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What Investors Can Take Away From CapitaMall Trust’s Bond Offering for Retail Investors

Singapore’s first publicly-listed real estate investment trust, CapitaMall Trust (SGX: C38U), announced this morning that it will be offering S$150m worth of bonds to individual investors in Singapore under its S$2.5b retail bond programme that was set up in Feb 2011.

The REIT owns 16 shopping malls in Singapore and is managed by CapitaMalls Asia (SGX: JS8), with the latter also owning slightly more than a quarter of the former. The two shares – CapitaMall Trust and CapitaMalls Asia – are in turn housed under the corporate umbrella of the real estate outfit CapitaLand (SGX: C31) and incidentally, all three shares carry big-enough market capitalisations to be part of the Straits Times Index (SGX: ^STI).

In conjunction with the S$150m bond offering to individual investors, CMT is also offering another S$50m worth of bonds under the same programme to institutional investors (i.e. big fund managers). These bonds, worth a collective S$200m, would mature in seven years and would carry a fixed annual interest of 3.08% per year.

Bond investors who are interested in the offering would be looking at a minimum subscription sum of S$2,000 with incremental multiples of S$1,000. The public offer for the subscription of the bonds would be open at 9am tomorrow on 11 Feb 2014 before closing on 18 Feb 2014.

For the trust, the bond offering would mean additional interest expenses of S$6.16m per year. To put things into context, the trust had net property income of S$503m in 2013, so this new bond offering would likely not have a huge impact on CMT’s financial picture.

But for individual investors who want a piece of the action in this particular offering by CMT or in other bond offerings in general, there a few things to consider:

1) The stability of bonds

An investment into bonds for income is generally considered as safer than say, banking on dividend payments from a share. That’s because bondholders are legally entitled to an annual payment unlike dividends, which can be removed or reduced at management’s discretion (and often at considerable cost to shareholders).

In addition, bondholders have the rights before shareholders to the assets of a company or entity that’s undergoing bankruptcy, which gives the former group an added layer of protection.

2) The income provided by bonds

The interest payments that bondholders are entitled to are normally fixed or have a fixed-peg to a moving target such as the Singapore Interbank Offered Rate (SIBOR). In CMT’s retail bond offering, as mentioned previously, bondholders would be getting a fixed coupon payment of 3.08% per year.

What this also means is, the purchasing power that the coupon payments have would be gradually eroded by inflation over the next seven years before the retail bonds are redeemed.

For bond investors who are looking at CMT’s retail bond offering for income, some consideration has to go into whether the coupon payments would be adequate for their spending needs in the future. This consideration can also be applied to other types of fixed-income investments.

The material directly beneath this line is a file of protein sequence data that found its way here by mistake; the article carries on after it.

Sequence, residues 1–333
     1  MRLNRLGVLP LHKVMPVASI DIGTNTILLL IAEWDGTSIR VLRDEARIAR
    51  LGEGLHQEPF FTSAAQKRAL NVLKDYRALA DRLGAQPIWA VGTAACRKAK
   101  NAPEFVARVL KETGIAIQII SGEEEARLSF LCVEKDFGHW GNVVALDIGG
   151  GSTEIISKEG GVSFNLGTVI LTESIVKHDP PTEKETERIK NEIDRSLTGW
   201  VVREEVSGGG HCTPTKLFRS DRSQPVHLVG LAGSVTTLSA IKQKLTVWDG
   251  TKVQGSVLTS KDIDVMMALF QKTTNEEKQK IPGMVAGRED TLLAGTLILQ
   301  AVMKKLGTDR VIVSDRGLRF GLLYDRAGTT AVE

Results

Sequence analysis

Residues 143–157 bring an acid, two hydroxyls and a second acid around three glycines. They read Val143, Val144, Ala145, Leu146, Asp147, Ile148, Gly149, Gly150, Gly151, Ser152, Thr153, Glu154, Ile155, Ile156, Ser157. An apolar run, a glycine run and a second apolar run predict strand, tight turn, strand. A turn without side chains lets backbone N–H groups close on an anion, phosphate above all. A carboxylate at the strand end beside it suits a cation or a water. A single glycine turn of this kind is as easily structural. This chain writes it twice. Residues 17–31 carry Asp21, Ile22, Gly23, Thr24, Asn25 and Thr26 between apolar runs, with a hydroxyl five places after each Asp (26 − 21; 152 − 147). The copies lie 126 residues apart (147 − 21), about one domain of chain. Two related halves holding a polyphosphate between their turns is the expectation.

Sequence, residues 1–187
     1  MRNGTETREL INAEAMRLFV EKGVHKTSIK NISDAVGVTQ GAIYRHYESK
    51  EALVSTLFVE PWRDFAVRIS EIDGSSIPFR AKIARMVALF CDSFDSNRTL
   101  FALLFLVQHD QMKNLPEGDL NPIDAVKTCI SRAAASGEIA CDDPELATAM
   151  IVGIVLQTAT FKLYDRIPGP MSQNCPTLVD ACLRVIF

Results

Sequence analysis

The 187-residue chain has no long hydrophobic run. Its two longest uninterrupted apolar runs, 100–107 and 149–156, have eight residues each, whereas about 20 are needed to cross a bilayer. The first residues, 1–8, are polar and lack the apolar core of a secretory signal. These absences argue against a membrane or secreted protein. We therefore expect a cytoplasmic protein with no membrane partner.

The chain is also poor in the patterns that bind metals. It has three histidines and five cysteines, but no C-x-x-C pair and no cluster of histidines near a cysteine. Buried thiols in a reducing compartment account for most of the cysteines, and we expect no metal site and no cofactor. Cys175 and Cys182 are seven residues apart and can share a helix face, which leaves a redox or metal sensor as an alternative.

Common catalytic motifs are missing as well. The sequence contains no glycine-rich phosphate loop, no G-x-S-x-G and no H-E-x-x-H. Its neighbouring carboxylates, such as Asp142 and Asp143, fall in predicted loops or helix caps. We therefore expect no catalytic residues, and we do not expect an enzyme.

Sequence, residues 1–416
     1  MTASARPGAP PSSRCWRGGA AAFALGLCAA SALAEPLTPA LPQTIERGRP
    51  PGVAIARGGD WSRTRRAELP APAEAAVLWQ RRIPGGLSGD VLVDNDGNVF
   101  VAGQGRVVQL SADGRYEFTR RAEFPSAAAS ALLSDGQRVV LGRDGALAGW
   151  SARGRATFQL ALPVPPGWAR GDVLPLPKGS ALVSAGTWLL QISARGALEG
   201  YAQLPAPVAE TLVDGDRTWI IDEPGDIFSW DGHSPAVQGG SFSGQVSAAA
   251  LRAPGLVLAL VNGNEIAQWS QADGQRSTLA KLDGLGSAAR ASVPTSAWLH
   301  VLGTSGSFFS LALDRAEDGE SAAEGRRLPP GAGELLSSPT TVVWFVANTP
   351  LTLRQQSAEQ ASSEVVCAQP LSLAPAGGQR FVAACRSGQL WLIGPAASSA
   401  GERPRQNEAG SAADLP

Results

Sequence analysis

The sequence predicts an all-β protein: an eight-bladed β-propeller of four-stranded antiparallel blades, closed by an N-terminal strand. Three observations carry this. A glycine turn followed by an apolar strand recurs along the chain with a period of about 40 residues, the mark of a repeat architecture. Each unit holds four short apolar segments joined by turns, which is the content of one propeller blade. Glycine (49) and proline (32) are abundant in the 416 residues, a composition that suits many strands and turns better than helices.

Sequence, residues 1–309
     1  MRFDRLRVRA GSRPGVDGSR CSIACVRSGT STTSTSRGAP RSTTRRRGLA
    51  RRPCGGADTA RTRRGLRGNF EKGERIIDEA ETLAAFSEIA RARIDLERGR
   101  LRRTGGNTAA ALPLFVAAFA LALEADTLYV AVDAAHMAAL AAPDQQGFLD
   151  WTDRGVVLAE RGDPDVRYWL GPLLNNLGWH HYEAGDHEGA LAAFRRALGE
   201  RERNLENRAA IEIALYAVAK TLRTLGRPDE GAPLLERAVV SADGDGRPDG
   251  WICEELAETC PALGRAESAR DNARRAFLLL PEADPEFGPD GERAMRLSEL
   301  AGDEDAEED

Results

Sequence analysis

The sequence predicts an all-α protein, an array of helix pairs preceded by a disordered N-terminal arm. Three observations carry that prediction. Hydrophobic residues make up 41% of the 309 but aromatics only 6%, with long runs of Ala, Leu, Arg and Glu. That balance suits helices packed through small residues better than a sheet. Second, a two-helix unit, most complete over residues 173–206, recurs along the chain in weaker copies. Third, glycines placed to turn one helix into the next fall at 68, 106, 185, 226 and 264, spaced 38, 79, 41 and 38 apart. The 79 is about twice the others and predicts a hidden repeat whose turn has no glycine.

3) Forgoing future growth

While a bond investment can be thought of as being less risky than dividends, the former loses out in terms of potential for growth. The dichotomy in the difference between the incomes an investor can receive from bonds and dividends can be illustrated by how the distributions of CMT have grown over the years.

Year

Distributions per unit

2008

S$0.0752

2009

S$0.0885

2010

S$0.0924

2011

S$0.0937

2012

S$0.0946

2013

S$0.1027

Source: S&P Capital IQ

Looking at the table above, we can see that CMT has grown its dividends by an average of 6.4% a year since 2008. If we just assume that CMT’s distributions can grow at the same historical rate over the next seven years, such growth would be absent for bond investors in CMT’s retail bond offering, who are only guaranteed an annual interest payment of 3.08% as long as the trust remains solvent. This brings us to our final consideration.

4) Financial stability of the entity issuing the bonds

Bonds are perhaps a fancy way of naming debt. When an entity borrows money from others, there’s always the risk that the borrower would over-extend itself and collapse under a mountain of debt, leaving lenders with nothing.

And even though bond investors are often one of the first few parties in line to lay claim to a company’s assets in the event of bankruptcy, the proceedings can be messy and lengthy and there can be even cases where the bondholders are unable to reclaim the full amount they have lent.

As such, it pays for a would-be bond investor to carefully consider the financial stability of the company it is lending money to. Would the annual interest payments cause undue stress on the finances of the company and would the company be able to repay those bonds without difficulty when they mature? Those are key questions to think about.

Foolish bottom line

There are always risks to consider with every investment. While bonds can often be hyped as a type of fixed-income instrument with low risks due to the legal obligation of the borrower to dole out fixed interest payments, there are still some important areas investors need to consider.

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The information provided is for general information purposes only and is not intended to be personalised investment or financial advice. Motley Fool Singapore writer Chong Ser Jing doesn’t own shares in any companies mentioned.